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How to Celebrate the Holidays in Mill Valley on a Budget

Here are 10 ways to have fun and spread holiday cheer in Mill Valley without breaking the bank.

This year’s holiday season can be special for you and your family regardless of your budget. Here are some fun tips for creating new holiday traditions while saving money.

1) Make your cards from recycled materials. Cards can be made from paper grocery bags, cereal boxes, used file folders and even last year’s holiday cards. Feature your family’s artwork and use recycled wrapping paper or paper from catalogs and magazines for backgrounds. A great resource for making cards from recycled materials is "Creative Correspondence" by Michael and Judy Jacobs, available at the Depot Bookstore or on Amazon.com

2) Have fun together and create a festive decoration by making a gingerbread house. You can bake the gingerbread yourself and use royal icing to construct the house and attach the candy. Another option is to use graham crackers and hot glue to make the house and frosting from a can to attach the decor. Great royal icing recipes and other gingerbread house tips are available on Cooks.com.

3) Save on your holiday treats. Kathryn Manchip, a mom and hobby baker, shares these tips. “If you are going to be doing a lot of baking, buy your ingredients in bulk from places like Costco (in Novato)." You can also get ingredients from Mill Valley Market and local gocery stores, or hit up Beth's Community Kitchen if you want to go straight for the final product. Manchip also recommends participating in a cookie exchange so you can sample different treats without having to bake them yourself. "And if you want to be adventurous and thrifty, try making a fondant as an icing – it works on both cakes and cookies. You can make your own at home for a fraction of the cost of the store-bought fondant. It tastes better, too, since it's mostly made out of melted marshmallows.” Manchip recommends this recipe for fondant.

4)    Cut your own Christmas tree from. The nearest cut-your own tree farms that we know of are Little Hills Christmas Tree Farm and Liberty Christmas Tree Farm, both in Petaluma. Thornton, CO’s Jennifer Miller, author of Where the Best Books Are!, a blog with reviews and recommendations of books for kids, says cutting your own tree saves money and creates a great holiday memory for your kids. “Here in Colorado, USFS [U.S. Forest Service] permits are just $10 per tree. We meet up with friends, share cookies and cocoa, and our boys have adventures in the forest. Plus, you can get more than one permit and cut down a fresh tree for a needy family or elderly friend.” 

5)    Make your own decorations and ornaments. Seattle artist, author and instructor Carla Sonheim says, “My favorite Christmas decoration is a drawing of Santa Claus done by my son Christer when he was 9 years old. I also have made 'holiday card/ornaments' with my own drawings or my kids' drawings. I'll scan the image into the computer and then print it out on sturdy card stock or other heavy paper. Then I'll cut around the image and punch a hole in the top and thread with yarn. On the back I write my holiday greeting and then send it out as a holiday card, which doubles as a paper ornament. I also have made ornaments from photographs of my kids at various ages.”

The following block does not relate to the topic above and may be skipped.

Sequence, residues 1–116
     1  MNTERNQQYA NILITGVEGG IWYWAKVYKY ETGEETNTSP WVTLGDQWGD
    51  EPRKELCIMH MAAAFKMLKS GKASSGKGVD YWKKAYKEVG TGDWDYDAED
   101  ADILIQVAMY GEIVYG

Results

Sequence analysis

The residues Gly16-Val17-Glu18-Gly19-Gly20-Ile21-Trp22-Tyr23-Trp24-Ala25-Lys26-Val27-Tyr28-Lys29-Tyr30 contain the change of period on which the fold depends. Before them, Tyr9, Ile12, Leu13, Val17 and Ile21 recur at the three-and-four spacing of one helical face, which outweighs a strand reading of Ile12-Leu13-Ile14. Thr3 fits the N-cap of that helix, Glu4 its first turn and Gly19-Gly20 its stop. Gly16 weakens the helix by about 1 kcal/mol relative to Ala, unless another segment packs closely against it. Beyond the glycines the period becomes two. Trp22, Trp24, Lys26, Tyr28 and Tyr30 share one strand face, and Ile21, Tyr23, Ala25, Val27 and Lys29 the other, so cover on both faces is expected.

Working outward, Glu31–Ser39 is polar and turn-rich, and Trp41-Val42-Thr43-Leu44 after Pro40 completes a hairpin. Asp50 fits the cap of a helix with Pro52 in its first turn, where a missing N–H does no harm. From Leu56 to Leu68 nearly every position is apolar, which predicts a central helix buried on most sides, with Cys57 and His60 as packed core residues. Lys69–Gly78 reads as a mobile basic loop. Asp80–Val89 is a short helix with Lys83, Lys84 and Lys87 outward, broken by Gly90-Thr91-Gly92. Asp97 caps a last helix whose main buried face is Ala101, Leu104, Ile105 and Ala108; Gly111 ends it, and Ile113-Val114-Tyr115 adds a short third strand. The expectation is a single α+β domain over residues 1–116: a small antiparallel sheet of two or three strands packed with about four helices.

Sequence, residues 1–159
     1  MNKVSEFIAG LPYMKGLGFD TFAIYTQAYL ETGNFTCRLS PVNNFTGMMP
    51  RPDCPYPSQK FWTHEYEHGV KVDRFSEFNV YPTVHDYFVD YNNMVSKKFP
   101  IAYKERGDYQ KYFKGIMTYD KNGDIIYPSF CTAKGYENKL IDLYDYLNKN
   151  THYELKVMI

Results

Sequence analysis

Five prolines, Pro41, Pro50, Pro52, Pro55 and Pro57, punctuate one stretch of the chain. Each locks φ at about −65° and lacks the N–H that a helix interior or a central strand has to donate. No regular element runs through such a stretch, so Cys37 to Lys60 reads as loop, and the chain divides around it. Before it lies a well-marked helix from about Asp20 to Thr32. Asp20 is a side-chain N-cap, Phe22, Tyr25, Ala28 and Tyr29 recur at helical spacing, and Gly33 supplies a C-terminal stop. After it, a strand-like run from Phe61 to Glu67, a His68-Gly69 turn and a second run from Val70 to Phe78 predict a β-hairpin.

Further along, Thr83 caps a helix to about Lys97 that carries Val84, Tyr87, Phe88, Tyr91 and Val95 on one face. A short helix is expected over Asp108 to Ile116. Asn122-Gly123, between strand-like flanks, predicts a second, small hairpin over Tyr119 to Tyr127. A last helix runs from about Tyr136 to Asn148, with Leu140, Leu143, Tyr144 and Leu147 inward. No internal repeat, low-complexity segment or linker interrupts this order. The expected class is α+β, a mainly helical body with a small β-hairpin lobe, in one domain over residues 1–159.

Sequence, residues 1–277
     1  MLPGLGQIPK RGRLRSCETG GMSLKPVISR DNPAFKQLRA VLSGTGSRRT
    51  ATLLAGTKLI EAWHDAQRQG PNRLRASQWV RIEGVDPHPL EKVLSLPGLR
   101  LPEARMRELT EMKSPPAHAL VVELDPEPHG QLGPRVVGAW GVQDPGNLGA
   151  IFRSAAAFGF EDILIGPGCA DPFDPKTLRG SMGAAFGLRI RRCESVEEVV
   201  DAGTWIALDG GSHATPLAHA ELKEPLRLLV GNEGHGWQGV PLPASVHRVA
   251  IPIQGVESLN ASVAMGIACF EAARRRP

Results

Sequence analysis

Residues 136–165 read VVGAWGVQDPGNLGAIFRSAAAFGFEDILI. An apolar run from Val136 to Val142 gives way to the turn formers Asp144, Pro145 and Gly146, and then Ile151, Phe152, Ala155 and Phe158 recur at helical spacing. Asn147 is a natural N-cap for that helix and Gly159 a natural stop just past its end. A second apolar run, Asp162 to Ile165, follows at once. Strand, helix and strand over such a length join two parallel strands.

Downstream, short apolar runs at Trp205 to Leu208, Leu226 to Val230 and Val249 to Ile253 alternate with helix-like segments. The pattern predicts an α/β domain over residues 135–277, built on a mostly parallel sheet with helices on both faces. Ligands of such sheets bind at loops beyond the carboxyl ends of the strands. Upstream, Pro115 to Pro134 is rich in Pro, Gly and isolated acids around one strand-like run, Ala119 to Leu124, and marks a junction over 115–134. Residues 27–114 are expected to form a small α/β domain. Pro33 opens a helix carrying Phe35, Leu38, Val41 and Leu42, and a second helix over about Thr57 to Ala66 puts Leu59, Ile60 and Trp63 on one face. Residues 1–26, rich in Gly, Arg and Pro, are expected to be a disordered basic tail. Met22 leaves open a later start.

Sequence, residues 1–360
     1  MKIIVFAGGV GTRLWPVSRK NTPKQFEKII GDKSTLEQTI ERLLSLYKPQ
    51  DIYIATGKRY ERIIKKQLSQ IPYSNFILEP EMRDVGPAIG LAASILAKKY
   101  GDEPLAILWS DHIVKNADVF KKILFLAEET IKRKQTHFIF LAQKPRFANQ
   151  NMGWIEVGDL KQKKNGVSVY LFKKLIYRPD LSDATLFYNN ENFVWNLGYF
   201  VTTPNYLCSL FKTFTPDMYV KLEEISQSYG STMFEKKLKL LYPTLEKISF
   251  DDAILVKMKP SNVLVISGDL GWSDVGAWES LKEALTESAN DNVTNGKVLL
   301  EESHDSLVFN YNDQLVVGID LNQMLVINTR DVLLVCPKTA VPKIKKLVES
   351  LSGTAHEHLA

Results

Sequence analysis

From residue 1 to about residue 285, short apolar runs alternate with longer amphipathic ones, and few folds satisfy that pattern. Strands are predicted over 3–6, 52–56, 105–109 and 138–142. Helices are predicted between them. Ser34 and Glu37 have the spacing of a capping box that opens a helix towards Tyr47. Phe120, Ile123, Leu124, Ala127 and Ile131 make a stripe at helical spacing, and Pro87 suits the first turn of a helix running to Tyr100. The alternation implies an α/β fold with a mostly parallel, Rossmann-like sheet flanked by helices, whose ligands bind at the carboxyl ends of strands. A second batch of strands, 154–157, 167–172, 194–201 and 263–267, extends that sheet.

6)    Give gifts of your time and skills. Make a gift certificate up for an afternoon of tech support for your friend who's about to toss his new computer out of the window, an evening of babysitting so friends with little kids can have a date night, or a day of housework or yard work for an elderly relative. 

7)     Check out the free and low-cost holiday activities in town. Local productions of holiday favorites including "The Nutcracker" or "A Christmas Carol" can be just as magical as a big city production for a fraction of the ticket price. School and community bands and orchestras often offer holiday music concerts. For instance, the Mill Valley Music Band is performing at 8 p.m. at the Mt. Tam United Methodist Church. Toss your kids in the car with some hot chocolate and holiday treats and tour your town’s neighborhoods for the best holiday light shows.

8) Classic toys such as wagons, riding toys, puzzles, board games and wooden blocks make great holiday gifts and are often available at your local consignment and thrift stores like the Mount Carmel Shop near downtown for a fraction of what you would pay at a big-box store. 

9) Skip the expensive Santa breakfast or holiday dinner out and spend time at your favorite service organization. For instance, warm up your singing voice and gather with your fellow carolers from the Community Church of Mill Valley in the library at The Redwoods at 6 p.m. on Sunday, December 23. 

10)  Check out your favorite movies, holiday books and music from the Mill Valley Library and schedule some evenings to share childhood favorites such as It’s a Wonderful Life or Miracle on 34th Street with your kids. 

Here's what else is happening on Mill Valley Patch

  1. Surveillance Shots Help ID Thieves Who Went on Mill Valley Spree
  2. High Tide Closes Highway 101 to Hwy. 1 Connection Near Tam Valley
  3. Residents Call for Alto Tunnel to Remain Part of General Plan
  4. PHOTOS: Mill Valley Gets into the Holiday Spirit at Winterfest

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Jonathan Lewis December 14, 2012 at 01:11 AM
Christmas Caroling is the BEST! Can't wait till the 23rd to carol or going to be out of town?! Meet at the Depot Plaza THIS Sunday at 5:00pm for Candlelight Caroling, hosted by Mount Carmel Catholic Church! Learn more @ http://patch.com/E-rgKF

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